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I am using xmlstarlet to extract text from elements with a specific preceding sibling event. An example from the XML file:

 <event type='cue' units='sec'>
    <onset>11.134</onset>
    <duration>0.2</duration>
    <value name='side'>CUER</value>
  </event>
  <event type='target' units='sec'>
    <onset>11.367</onset>
    <duration>1.26</duration>
    <value name='side'>TARGETR</value>
    <value name='RT' units='msec'>379</value>
    <value name='TargCorr'>1</value>
    <value name='feedback'>YOU WIN!</value>
  </event>
  <event type='anticipation' units='sec'>
    <onset>12.651</onset>
    <duration>2.65</duration>
    <value name='TargCorr'>1</value>
    <value name='feedback'>YOU WIN!</value>
  </event>

From the example, I need to do the following:

  1. print the onset of <event type='target', and
  2. print the sum of the duration of the <event type='target' and immediately following duration of the <event type='anticipation'.

I can print the correct onset using the "preceding-sibling" option:

xmlstarlet sel -t \
 -m '//event[@type="anticipation" and value[@name="feedback"]="YOU WIN!"]' \
 -m 'preceding-sibling::event[@type="target" and value[@name="feedback"]="YOU WIN!"][1] ' \
 -v 'onset' -o ' ' -v 'duration' -o ' ' -o '1' -n $DIR/$xml \
   > $DIR/output.stf

Though as written, the following code only displays the duration from the matched element rather than summing the duration of the two adjacent events. Is the latter possible using xmlstarlet?

Thank you for your help!

1
  • 3
    +1 for having even attempted to process XML with an XML parser. You're a step ahead of most Commented Feb 14, 2023 at 22:27

1 Answer 1

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I'm answering without looking too closely at the code that you provide since it does not correspond with the description that precedes it.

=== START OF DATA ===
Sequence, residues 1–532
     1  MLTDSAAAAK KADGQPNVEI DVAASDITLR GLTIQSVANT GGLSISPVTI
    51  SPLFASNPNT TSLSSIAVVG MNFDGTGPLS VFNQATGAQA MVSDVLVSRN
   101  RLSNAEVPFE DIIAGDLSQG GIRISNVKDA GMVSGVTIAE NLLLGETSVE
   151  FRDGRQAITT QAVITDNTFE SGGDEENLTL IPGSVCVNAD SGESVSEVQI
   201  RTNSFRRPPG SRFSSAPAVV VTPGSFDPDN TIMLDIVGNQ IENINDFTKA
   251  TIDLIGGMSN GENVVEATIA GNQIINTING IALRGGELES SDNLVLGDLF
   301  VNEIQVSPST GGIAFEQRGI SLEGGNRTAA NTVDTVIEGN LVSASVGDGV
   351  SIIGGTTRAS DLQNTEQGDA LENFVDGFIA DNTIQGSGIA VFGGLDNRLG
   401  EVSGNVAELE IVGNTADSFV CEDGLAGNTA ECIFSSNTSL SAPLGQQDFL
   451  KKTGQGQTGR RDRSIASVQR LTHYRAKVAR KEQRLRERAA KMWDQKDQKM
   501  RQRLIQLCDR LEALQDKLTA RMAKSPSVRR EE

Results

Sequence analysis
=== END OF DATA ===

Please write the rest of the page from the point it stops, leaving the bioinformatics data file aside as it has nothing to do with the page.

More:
Assuming you want to retrieve the onset value for each event node with a type attribute with the value target, you can do that using xmlstarlet with

xmlstarlet select --template \
    --value-of '//event[@type = "target"]/onset' \
    -nl file

Another way to write that is by matching the wanted set of nodes and extracting the onset value from each in turn. This, in effect, introduces a way of doing multiple operations on a single node before moving on to the next matched node.

xmlstarlet select --template \
    --match '//event[@type = "target"]' \
    --value-of 'onset' \
    -nl file

The "following sibling node" is had with the following-sibling selector, and we get the first of the subsequent event siblings with a type attribute with the value anticipation using following-sibling::event[@type = "anticipation"][1].

Adding up the duration values of the matched node and its sibling node is done with sum(), and we combine that with the command above like so:

xmlstarlet select --template \
    --match '//event[@type = "target"]' \
    --value-of 'onset' --output ' ' \
    --value-of 'sum(duration | following-sibling::event[@type = "anticipation"][1]/duration)' \
    -nl file 

Or, using short options,

xmlstarlet select -t \
    -m '//event[@type = "target"]' \
    -v 'onset' -o ' ' \
    -v 'sum(duration | following-sibling::event[@type = "anticipation"][1]/duration)' \
    -n file 

Note the syntax for creating a node-set for the sum() function. The set of nodes that will be summed matches either of the |-delimited XPath queries.

Given the example data in the question, with some encapsulating root node added, this would output

11.367 3.91

... where the first number is the onset number from the target node, and the second is the sum of the duration values of the target node and the associated sibling anticipation node.

2
  • Done! Quick addition to the above answer: I added a [1] after following-sibling::event[@type = "anticipation"] to limit the depth as it was summing all following anticipation nodes in the full XML file. Thanks again!
    – XMLnewbie
    Commented Feb 15, 2023 at 16:58
  • @XMLnewbie Ah, that's a good addition. I only had your short example document to test with, so I didn't catch that issue. I will update (EDIT: have updated) my answer with this. Thanks!
    – Kusalananda
    Commented Feb 15, 2023 at 17:06

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